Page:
Math Without Numbers? Oh, Those Wacky Greeks!


I think the most important lesson I learned from reading Jeff Suzuki’s A History Of Mathematics was that, for most of the time that humans have being doing serious math, it’s been all about the Geometry. The Ancient Greeks considered geometry more primary than numbers.

If an Ancient Greek mathematician had wanted to determine if two figures had the same area, he would not have assigned measurement-values to some or all of the sides, done the area-calculation for each figure, and then compared the results. He simply would not have thought in terms of numbers.

He would have, instead, set about determining if the figures could be sliced and diced in such a way as to make all one figure’s pieces exactly overlay the other figure. If so, than they had the same area. No pre-set measurement-values (centimeters, etc) need be involved.

When values were used, they were relational in nature… For example, a Greek might have determined that “side Alpha” was twice as long as “side Beta.” Or, he might have come up with a line-segment which would serve as the “unit” for that particular consideration. But this “unit” was without particular, real-world size– as I said, no centimeters or inches or any of that.

Philosophically speaking, the Ancient Greeks wanted their mathematics to be as abstract as possible. They were aiming at truths “higher” than a specific triangle here or a particular square there. The geometric relationships Greek mathematicians found in their demonstrations would be applicable to any triangles or squares or et cetera anywhere in the world, taking into account, of course, that Earthly triangles and squares would not be as perfect as the ideal ones of their mathematical philosophy. In this way, some Ancient Greeks believed that Mathematics was something higher, or more perfect, than mundane reality. Plato’s famous Ideals were assuredly inspired by the mathematical ideals he had been taught.

When writing of the Ancient Greek philosopher and mathematician, Thales, Suzuki relates that “it is virtually certain that Thales did not consider a right angle to be an angle of a particular measure, since the notion of the actual measurement of an angle never arose in the theoretical geometry of the ancient Greeks.” Thales may have been the first to find that a right angle is made when an angle is inscribed in a circle so that its vertex and its two endpoints are all on the circumference, with the two endpoints falling on opposite ends of a diameter.

Suzuki also states that the famous geometrist Euclid’s “definition of a Right Angle had nothing to do with the actual measure of the angle.” Instead, Euclid defined a Right Angle as occuring whenever two straight lines intersect in such a way that any two adjacent angles are congruent. Furthermore, Euclid never computes the AREA of a figure in isolation (never talks in terms of square feet or what have you), but only treats one area in comparison to another shape’s area.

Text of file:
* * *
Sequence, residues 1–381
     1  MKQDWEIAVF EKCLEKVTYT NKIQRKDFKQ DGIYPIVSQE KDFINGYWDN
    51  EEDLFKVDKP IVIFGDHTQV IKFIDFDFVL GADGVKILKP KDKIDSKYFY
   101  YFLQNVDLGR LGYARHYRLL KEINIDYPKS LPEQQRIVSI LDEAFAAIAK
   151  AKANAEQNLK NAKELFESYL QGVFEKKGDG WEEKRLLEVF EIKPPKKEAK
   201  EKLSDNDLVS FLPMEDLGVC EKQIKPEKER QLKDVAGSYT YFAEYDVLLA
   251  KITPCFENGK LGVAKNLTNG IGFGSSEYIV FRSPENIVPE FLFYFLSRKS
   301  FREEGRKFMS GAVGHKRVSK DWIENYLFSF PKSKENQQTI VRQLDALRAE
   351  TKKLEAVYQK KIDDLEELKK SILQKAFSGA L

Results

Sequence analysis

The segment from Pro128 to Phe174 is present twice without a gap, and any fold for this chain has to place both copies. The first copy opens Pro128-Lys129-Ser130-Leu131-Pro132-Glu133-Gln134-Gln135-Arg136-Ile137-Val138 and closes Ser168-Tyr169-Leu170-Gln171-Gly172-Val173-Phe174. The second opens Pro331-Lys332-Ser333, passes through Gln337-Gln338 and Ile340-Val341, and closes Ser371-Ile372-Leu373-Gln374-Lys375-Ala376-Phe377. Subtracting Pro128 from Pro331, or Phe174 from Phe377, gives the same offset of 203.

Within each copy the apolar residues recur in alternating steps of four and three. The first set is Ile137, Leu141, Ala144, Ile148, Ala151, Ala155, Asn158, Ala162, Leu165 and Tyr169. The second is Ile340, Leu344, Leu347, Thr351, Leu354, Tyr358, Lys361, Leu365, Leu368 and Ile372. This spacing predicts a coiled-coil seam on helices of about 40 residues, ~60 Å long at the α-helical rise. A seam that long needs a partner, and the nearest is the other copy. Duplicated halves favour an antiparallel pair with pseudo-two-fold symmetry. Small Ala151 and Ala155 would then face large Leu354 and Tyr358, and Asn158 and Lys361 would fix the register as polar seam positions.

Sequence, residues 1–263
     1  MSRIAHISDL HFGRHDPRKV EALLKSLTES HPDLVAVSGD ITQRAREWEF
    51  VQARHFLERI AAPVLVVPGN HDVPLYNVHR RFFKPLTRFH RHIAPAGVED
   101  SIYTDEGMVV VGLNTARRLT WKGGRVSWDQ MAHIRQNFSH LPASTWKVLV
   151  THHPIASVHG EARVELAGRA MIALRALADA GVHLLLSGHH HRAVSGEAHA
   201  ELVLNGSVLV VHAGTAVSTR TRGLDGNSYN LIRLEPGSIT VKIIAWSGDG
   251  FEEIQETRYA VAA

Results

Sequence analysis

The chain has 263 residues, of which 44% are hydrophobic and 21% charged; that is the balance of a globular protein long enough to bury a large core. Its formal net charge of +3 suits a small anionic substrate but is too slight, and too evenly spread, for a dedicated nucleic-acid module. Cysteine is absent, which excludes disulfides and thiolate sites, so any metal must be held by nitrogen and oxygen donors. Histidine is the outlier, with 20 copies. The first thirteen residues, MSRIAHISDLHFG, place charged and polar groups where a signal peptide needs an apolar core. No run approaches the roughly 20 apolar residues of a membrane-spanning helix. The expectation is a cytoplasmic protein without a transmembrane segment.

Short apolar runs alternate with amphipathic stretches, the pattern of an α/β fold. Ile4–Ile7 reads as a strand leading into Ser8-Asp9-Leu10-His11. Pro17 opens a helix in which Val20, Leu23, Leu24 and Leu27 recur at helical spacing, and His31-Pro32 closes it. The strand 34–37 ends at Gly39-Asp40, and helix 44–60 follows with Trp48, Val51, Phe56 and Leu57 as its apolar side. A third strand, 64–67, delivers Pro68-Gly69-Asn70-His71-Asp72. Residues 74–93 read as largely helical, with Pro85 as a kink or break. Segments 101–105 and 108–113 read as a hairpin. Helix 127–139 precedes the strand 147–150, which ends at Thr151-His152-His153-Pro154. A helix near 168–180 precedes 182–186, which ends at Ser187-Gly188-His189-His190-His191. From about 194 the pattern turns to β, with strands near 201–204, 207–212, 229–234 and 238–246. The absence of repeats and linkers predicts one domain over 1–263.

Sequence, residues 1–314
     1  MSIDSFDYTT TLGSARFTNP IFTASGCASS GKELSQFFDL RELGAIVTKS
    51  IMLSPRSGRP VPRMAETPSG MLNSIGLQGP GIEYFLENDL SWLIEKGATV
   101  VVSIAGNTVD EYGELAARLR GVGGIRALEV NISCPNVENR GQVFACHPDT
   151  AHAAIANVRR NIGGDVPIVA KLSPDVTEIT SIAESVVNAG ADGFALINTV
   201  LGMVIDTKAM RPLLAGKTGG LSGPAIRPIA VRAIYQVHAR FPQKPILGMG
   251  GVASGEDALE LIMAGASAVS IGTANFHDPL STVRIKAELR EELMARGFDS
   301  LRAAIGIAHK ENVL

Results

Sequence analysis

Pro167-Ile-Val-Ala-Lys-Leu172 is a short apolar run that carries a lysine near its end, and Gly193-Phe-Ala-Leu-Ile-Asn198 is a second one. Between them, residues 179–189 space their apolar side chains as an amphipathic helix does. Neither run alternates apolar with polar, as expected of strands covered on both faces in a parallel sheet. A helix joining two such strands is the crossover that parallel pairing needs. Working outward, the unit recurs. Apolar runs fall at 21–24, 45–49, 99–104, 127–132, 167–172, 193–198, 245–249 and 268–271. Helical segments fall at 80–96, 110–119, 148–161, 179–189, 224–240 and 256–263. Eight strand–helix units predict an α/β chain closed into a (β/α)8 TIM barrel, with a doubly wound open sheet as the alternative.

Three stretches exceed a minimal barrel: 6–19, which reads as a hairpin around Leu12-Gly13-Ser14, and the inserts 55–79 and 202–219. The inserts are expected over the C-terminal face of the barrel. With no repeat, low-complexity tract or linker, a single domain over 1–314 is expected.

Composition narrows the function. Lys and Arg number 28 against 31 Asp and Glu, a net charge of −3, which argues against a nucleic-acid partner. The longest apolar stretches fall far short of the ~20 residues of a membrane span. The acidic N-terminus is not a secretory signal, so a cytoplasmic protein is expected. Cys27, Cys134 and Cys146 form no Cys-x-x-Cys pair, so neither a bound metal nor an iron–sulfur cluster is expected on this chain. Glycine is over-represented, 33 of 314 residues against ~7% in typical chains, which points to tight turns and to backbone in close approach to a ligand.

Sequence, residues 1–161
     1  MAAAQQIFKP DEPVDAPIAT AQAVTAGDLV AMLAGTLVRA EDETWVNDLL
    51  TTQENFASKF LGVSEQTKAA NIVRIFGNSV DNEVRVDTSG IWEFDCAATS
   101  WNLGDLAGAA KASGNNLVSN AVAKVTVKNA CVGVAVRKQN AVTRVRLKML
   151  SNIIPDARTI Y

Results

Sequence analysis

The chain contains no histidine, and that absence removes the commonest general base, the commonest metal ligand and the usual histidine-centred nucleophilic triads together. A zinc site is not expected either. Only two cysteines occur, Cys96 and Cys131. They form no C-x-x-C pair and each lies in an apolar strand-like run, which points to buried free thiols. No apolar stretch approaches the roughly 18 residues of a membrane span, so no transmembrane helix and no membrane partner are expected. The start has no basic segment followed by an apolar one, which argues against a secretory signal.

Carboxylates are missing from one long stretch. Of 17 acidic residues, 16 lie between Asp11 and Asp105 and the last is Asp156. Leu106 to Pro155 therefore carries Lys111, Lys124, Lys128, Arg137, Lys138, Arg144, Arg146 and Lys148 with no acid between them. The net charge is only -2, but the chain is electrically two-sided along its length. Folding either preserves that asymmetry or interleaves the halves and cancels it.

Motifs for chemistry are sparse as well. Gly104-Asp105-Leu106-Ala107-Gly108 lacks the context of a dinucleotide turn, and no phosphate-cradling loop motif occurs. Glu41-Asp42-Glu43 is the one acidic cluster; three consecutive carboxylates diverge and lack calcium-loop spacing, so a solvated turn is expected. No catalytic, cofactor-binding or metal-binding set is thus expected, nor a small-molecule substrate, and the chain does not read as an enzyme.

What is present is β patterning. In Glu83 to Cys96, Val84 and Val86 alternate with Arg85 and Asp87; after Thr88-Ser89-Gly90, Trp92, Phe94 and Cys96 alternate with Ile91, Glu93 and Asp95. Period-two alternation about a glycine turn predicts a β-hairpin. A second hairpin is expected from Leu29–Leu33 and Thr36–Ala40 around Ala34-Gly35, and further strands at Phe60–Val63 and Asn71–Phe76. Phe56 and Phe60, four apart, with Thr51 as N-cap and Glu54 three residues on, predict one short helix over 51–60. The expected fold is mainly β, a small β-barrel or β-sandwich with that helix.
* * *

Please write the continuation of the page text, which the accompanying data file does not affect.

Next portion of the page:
Furthermore, the Ancient Greeks had this notion that the fewer instruments needed for solving a geometrical problem then the more genius and perfect was the solution. Says Suzuki: “this would eventually become the doctrine that the only instruments allowed in Geometry were the COMPASS and the STRAIGHT-EDGE.” And the Compass could be used ONLY to draw a circle with a given radius or to measure equal segments along an existing line, with the Straight-Edge allowed only for connecting points.

Another way geometry stayed front-n-center throughout most of the development of mathematics was the use by mathematicians of CONIC SECTIONS to explore the characteristics of curves. By slicing through different cones in different ways… ellipses, parabolas, and hyperbolas can be formed. The modern math student deals with these shapes frequently, but rarely thinks of them nowadays as the sliced cones they started out as.

I think it is very difficult for anyone born within the last few centuries to really comprehend just how different was the mathematical worldview of the Ancients. We moderns think in terms of numbers and pre-fab’d measurement-values. We can’t help ourselves. It’s ingrained in us from infancy. Numbers are how we “do” math, including Geometry, and we would think someone was joking if they talked about doing math without numbers. But for the Greeks, numbers were secondary to the logical relationships between component parts of figures.


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